My mother just left after a few days in L.A. Mom comes down once or twice a year, visits me, visits her best friend (they met back at Van Nuys Junior High), and then heads back up to Canada. But unlike most parental unit visits, mine are exercises in dredging Mom’s memories. Crossing June Street reminds her that her paternal grandmother lived on that street. Echo Park reminds her that her father, my grandfather, used to take Mom out in the little paddleboats there. And the mention of Westchester reminded her that it was one of the first places that her parents settled after emigrating from Brooklyn in 1950.
I thought I’d look up a bit more about Westchester, and about that area of the city, and that’s where I ran into Fritz Burns. I can only assume that it was one of his houses that my grandparents bought upon arriving in L.A. Without much money, and with three small children six and under, they must have wanted to flee their temporary accommodations in the Jewish community of Boyle Heights and move someplace with space and a yard. Fritz Burns is credited with developing Westchester, by building “thousands of attractive homes that sold for less than $4,000 [Architectural Digest‘s 1946 article quoted the houses starting at $6,950] and which could be purchased with a down payment of only $150″. Within ten years of developing “new innovations in pre-fabricated housing,” Fritz had:
- “…developed a tract of inexpensive prefabricated single-family homes on the site of a former hog farm at the intersection of Manchester and Sepulveda Boulevards. This community, dubbed “Westchester,” grew by leaps and bounds as the aerospace industry boomed in World War II and afterward.
The first of the Kaiser-Burns homes were sold in 1946, hot off the quarter-mile long assembly line. And as thousands of WWII veterans and their families came back to Los Angeles, there was more and more demand for the cheap, fast housing. Just ask the kids on the 1947 bus: going on the very first Crime Bus tour was like getting a history lesson on the spread of Lower-Middle Class Los Angeles Immediately After WWII.
Which brings me back to the other Homer: Homer Price. One of the images that stuck with me from Robert McCloskey’s children’s book, Homer Price was the idea of the pre-fab houses. Homer Price was written in 1943, three years before the pre-fab houses would start showing up in Westchester, and four years before Levitt & Sons would announce their plans for Levittown, Westchester’s more extreme relative in New York. But Homer Price is a symbol of the 1940s, of that “All American” image that was transplanted to Los Angeles through immigrants from the Midwest. And as a symbol of the times, in the Homer Price story about a pre-fabricated neighnorhood , “McCloskey subtly weaves the idea of inevitable change…by the 100-house suburb of identical, prefabricated houses that sprouts up within a week on historical Centerburg land.” (from an Amazon.com review). This is what I thought about when I read of Fritz Burns: that old story from 1943 that I read in 1986. Maybe it was Los Angeles’ Fritz Burns’ suggestions for mass-producing homes in the 30s, that inspired the Homer Price story written a few years later. Maybe it was plans to build in Los Angeles that sparked a story set in Ohio.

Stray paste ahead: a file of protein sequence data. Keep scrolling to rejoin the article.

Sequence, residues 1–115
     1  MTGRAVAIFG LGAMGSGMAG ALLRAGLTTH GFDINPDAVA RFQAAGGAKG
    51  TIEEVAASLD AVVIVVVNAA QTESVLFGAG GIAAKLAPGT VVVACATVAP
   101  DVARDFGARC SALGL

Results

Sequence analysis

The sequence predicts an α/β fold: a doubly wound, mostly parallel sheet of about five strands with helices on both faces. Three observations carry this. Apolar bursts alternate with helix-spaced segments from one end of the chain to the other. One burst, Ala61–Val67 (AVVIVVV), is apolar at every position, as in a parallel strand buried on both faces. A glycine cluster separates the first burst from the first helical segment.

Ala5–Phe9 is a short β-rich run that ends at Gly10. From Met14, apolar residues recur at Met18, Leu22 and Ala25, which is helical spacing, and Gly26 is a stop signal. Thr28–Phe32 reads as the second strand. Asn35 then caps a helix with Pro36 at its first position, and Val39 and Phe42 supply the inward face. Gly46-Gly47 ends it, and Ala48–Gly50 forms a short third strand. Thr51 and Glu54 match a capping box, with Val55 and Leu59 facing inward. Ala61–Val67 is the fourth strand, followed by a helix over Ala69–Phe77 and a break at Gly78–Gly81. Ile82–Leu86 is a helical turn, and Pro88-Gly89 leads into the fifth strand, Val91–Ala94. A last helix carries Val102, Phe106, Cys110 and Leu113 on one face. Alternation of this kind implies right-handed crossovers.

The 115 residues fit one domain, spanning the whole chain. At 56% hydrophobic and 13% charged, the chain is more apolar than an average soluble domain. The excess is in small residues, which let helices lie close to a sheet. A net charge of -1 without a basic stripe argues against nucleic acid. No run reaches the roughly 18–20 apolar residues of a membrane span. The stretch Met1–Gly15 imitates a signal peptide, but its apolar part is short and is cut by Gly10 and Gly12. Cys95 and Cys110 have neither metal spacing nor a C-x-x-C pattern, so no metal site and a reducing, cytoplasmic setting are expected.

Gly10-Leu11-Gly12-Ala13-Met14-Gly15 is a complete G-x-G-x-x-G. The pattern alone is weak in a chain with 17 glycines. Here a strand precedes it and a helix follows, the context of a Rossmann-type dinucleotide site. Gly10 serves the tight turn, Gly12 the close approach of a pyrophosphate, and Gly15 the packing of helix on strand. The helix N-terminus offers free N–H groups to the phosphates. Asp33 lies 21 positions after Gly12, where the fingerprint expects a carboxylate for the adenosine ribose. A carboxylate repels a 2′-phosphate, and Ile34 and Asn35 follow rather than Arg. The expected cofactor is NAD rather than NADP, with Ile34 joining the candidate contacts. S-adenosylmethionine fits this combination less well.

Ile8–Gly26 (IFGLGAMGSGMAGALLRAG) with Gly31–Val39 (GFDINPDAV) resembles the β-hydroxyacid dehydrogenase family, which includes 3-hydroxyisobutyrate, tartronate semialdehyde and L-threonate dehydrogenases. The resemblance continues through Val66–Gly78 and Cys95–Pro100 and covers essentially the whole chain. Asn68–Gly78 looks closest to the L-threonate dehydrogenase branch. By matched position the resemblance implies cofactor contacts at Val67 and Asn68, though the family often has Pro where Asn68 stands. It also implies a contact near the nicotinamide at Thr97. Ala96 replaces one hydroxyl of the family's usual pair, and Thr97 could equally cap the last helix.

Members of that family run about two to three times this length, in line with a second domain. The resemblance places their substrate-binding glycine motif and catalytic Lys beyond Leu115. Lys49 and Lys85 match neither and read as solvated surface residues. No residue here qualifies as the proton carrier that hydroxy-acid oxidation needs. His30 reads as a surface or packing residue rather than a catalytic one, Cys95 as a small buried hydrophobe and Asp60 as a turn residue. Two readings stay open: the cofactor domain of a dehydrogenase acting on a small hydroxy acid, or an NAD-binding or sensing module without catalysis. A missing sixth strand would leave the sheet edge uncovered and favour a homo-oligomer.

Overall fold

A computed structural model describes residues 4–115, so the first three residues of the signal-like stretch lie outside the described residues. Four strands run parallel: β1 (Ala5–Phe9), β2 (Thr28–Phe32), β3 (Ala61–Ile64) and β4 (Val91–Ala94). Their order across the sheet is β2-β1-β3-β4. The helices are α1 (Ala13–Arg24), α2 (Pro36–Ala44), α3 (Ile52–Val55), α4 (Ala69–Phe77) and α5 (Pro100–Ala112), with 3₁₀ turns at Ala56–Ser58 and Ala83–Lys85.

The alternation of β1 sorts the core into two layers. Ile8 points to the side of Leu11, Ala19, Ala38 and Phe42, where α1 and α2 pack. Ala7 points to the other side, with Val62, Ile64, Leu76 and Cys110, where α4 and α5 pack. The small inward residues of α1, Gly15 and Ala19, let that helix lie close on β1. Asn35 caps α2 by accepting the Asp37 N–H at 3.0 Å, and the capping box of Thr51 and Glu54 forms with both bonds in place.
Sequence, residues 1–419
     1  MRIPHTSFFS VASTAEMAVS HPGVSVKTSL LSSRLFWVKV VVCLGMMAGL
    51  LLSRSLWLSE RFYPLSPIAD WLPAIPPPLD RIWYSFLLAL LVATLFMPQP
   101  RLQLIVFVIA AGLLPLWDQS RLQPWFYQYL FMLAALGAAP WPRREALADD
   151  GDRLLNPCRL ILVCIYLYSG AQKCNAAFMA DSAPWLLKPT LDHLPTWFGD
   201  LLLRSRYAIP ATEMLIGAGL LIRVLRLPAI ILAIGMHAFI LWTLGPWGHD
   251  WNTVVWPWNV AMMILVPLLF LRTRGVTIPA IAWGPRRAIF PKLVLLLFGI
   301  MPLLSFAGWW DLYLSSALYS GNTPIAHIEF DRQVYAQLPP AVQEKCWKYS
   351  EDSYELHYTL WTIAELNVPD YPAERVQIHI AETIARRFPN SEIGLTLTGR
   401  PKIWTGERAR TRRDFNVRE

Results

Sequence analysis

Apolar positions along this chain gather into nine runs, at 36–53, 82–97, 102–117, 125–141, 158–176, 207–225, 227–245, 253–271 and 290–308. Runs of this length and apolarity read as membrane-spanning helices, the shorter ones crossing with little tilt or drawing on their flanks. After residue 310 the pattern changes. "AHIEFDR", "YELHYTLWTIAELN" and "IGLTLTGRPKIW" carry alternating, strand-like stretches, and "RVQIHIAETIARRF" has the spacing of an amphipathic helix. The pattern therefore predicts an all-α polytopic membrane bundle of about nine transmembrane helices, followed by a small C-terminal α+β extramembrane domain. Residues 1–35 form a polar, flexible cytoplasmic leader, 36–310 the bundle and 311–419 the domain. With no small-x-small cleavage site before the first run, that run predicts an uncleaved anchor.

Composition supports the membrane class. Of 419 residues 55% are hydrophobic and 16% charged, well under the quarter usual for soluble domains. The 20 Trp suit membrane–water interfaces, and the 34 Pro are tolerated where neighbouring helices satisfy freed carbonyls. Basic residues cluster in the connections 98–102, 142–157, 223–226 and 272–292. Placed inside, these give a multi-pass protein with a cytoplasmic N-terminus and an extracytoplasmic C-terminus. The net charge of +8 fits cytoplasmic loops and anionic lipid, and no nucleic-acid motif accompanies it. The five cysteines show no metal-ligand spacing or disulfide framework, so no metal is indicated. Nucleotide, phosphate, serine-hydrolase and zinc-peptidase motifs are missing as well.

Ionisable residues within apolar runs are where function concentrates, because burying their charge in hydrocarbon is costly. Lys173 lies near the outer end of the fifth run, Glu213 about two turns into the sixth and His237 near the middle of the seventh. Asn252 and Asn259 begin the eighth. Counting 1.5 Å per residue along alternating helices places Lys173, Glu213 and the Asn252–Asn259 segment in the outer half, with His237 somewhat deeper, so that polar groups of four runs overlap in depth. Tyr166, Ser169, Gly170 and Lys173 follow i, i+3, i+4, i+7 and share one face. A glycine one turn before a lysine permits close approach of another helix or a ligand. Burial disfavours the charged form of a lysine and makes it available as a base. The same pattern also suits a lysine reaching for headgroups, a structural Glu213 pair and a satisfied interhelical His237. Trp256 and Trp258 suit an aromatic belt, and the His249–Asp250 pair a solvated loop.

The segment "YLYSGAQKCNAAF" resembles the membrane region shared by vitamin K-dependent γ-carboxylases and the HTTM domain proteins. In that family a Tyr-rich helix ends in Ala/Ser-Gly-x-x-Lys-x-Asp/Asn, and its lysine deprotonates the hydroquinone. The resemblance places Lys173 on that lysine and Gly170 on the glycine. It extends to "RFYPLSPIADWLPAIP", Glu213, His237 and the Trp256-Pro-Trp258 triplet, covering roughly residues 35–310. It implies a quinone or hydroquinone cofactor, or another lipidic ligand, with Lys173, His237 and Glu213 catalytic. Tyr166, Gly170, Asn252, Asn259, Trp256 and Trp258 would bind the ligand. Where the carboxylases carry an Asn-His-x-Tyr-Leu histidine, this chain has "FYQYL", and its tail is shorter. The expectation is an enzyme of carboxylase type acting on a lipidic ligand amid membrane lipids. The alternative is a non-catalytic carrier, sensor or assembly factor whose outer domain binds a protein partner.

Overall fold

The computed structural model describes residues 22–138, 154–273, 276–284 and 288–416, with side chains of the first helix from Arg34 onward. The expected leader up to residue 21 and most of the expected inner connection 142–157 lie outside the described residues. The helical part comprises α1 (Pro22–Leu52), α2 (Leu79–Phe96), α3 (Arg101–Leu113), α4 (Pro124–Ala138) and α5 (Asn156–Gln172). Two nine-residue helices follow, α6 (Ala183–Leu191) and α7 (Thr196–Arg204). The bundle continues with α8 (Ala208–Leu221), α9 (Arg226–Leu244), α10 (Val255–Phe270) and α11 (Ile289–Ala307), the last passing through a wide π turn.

Anyways, the point of all this is that, in the early 50s, my mother and her two siblings and parents settled in Westchester. They were one of hundreds of thousands of young families looking for their own little houses in America. But Los Angeles was always a city of single-family dwellings – thanks to the streetcar real-estate sales at the turn of the century. With that established residence standard, it was just a matter of time before communities of assembly-line houses like Westchester sprang up. The result is that my mother’s earliest childhood memories in that neighborhood are more than just a transition before the Valley. They are a symbol of how my own family history is caught up in the bigger trends of Los Angeles’ history – and how the single-family dwelling trends of Los Angeles, and the cheap, easy houses that fit in so well, became such a great trend that they swept all of America.